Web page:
I Wish I Never Asked

Student speaks on first ever car crash experience.

December 7, 2021

I wish I never asked.

5:50 a.m. It’s PSAT day for juniors, but I’m a senior. There’s practically nothing to do in classes all day, but I still need to go. I have a meeting to attend after school; stories to edit; people to speak with. The girl who normally picks me up isn’t going to school – she wants to work on scholarship applications at a nice cafe.

But me? I refuse to miss today, and I even ask my dad if he can take me. I wanted to go to school because I didn’t want to fall behind. Because I did not want another absence. Because I miss being an in-person student after being online for a year.

I regret that decision. I wish I never asked my dad to take time out of his morning to drive me to school.

They were supposed to yield.

Then we brake, but it is too late.

6:41 a.m. The impact hit.

All I remember thinking was, “Will we die from this?” I wish I never asked. I wish I never asked.

All I remember is feeling like I’m in a movie. My phone, cradled in my hand, is open on a conversation with a close friend of mine. We were just talking about our favorite video game. Then the lights turn on in the car – a sickly orange. I hate the color orange.

I wish I never asked.

36 seconds, frozen in time. That is how long it took to assess what happened. How long it took to pull over, out of one of the busiest-cross sections. I wish I never asked.

I look at my dad, the driver. His phone is in his hands now, off of the wheel. He turns his hazards on, “Are you okay?” he asks me.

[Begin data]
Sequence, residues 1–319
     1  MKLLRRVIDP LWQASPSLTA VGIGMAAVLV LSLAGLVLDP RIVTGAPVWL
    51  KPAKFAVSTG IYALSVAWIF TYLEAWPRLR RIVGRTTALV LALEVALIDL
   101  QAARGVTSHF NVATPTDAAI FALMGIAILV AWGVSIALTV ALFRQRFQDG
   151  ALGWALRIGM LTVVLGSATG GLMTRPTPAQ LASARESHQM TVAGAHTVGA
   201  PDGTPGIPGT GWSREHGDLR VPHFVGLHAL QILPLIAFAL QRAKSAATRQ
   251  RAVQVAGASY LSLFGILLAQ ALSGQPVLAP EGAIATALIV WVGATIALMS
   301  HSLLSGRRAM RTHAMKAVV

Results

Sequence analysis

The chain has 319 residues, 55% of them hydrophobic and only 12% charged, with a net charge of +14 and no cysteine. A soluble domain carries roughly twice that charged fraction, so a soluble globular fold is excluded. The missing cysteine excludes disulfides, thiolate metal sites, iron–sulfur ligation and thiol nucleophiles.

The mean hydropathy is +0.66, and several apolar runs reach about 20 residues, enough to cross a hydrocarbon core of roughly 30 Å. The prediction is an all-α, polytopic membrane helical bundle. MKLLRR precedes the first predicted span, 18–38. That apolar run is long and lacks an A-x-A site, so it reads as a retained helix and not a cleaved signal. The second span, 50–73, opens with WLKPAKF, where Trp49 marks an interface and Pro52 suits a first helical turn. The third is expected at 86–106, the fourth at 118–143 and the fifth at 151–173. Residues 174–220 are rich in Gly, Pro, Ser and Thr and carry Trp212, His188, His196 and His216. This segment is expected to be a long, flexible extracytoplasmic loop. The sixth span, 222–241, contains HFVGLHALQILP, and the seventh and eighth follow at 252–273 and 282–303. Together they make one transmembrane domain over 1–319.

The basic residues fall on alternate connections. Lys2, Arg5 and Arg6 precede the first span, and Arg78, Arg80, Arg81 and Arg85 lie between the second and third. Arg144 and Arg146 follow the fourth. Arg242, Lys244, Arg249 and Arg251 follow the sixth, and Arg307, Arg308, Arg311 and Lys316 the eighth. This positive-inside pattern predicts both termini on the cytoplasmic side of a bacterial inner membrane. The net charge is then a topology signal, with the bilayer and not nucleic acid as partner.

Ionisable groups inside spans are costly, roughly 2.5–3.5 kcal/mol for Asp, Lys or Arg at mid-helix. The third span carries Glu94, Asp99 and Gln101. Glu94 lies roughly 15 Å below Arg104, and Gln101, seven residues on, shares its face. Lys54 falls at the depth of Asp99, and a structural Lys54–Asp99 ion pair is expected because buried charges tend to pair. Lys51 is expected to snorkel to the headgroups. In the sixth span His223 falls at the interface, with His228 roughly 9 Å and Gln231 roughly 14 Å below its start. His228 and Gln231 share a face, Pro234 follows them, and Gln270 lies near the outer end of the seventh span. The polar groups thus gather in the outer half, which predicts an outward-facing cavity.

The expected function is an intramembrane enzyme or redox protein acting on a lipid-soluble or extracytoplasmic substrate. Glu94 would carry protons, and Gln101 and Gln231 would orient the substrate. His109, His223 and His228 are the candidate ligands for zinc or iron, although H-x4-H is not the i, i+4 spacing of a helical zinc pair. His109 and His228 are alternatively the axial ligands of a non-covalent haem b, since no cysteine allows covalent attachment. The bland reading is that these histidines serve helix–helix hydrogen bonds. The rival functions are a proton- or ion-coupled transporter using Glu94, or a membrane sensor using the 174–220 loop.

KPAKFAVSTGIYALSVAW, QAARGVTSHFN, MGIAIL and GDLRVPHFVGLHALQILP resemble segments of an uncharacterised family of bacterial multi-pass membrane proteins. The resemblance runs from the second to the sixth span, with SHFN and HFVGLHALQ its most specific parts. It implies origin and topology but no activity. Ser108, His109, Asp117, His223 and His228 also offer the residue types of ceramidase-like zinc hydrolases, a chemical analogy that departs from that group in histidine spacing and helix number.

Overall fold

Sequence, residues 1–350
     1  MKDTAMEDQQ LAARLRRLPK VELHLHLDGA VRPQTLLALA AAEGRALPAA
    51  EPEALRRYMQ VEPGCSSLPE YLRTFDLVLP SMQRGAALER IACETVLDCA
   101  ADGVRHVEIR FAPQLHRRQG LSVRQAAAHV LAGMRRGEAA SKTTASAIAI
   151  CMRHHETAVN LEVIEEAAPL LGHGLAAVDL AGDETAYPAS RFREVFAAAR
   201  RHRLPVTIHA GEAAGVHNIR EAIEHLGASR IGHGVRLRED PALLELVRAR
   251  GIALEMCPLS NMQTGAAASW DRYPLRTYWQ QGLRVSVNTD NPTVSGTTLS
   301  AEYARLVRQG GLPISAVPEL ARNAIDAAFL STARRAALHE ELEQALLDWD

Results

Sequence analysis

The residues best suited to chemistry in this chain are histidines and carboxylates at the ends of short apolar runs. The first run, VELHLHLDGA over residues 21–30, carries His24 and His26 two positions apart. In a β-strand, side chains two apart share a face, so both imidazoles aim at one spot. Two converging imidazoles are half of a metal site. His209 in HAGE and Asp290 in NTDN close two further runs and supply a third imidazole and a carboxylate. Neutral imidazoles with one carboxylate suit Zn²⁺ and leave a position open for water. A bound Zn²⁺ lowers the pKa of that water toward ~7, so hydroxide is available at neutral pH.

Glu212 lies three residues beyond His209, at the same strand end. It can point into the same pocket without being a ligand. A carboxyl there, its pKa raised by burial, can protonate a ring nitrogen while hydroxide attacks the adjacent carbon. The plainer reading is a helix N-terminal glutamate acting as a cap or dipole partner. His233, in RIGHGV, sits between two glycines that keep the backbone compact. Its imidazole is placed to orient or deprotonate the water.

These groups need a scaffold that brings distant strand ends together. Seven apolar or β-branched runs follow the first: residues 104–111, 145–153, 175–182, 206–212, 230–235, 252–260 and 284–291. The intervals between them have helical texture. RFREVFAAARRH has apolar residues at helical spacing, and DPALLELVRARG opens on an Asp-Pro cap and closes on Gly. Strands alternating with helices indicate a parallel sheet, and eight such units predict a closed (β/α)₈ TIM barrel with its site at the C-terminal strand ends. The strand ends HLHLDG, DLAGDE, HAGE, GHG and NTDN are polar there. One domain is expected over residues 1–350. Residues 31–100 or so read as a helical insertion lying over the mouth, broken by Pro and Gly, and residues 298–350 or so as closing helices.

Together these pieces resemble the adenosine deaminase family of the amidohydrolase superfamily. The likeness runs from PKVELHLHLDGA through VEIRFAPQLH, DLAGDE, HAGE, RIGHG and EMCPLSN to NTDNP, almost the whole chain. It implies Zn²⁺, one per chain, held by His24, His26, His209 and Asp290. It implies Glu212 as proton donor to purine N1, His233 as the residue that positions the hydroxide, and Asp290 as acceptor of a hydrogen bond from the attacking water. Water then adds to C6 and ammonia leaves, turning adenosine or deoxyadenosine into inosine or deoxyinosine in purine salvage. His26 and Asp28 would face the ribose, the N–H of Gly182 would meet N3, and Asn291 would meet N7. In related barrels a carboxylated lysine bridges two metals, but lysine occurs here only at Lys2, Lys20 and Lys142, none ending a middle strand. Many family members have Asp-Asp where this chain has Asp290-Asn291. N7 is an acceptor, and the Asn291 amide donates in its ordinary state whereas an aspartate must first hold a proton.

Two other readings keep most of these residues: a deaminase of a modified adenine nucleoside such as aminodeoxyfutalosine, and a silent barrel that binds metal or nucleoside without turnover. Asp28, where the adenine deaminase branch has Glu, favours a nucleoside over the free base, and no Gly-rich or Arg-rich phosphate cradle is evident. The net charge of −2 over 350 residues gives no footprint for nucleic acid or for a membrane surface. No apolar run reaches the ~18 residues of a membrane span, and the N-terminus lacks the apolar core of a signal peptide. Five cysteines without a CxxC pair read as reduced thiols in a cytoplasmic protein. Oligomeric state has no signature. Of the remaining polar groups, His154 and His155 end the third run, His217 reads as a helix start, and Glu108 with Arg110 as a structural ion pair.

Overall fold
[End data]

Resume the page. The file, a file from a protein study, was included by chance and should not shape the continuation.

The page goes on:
“Yes, are you okay?” I respond, not even glancing at my scraped knees. They are covered in scratches – like when a cat attacks or when velcro tugs against skin. I wish I never asked.

I couldn’t help but think what would have happened if we didn’t brake. Would we be dead? Would I have lost my dad?

My once vertical backpack has now toppled over, and me? I can’t breathe.
Hyperventilating, I breathe in the dust of the airbags. I wish I never asked. The windows, unbroken, dust filling my lungs.

I don’t even realize what I was doing, but my dad keeps asking if I am okay. All I can do is nod. We didn’t move. It was the only thing we can bring ourselves to do. I fear that I’d either puked or started screaming.

He calls 911, then my mom. I don’t feel present at the moment.

I get out of the vehicle first. I need to check in on the other party. And my dad follows, and I notice how his favorite jacket is stained with coffee.

The other party is fine. No injuries. They tell us they did not see us coming. Impossible. I have driven on that road for the past four years. No way.

I was just glad my dad was okay.

I wish I never asked. I wish I never asked. I wish I never aske-

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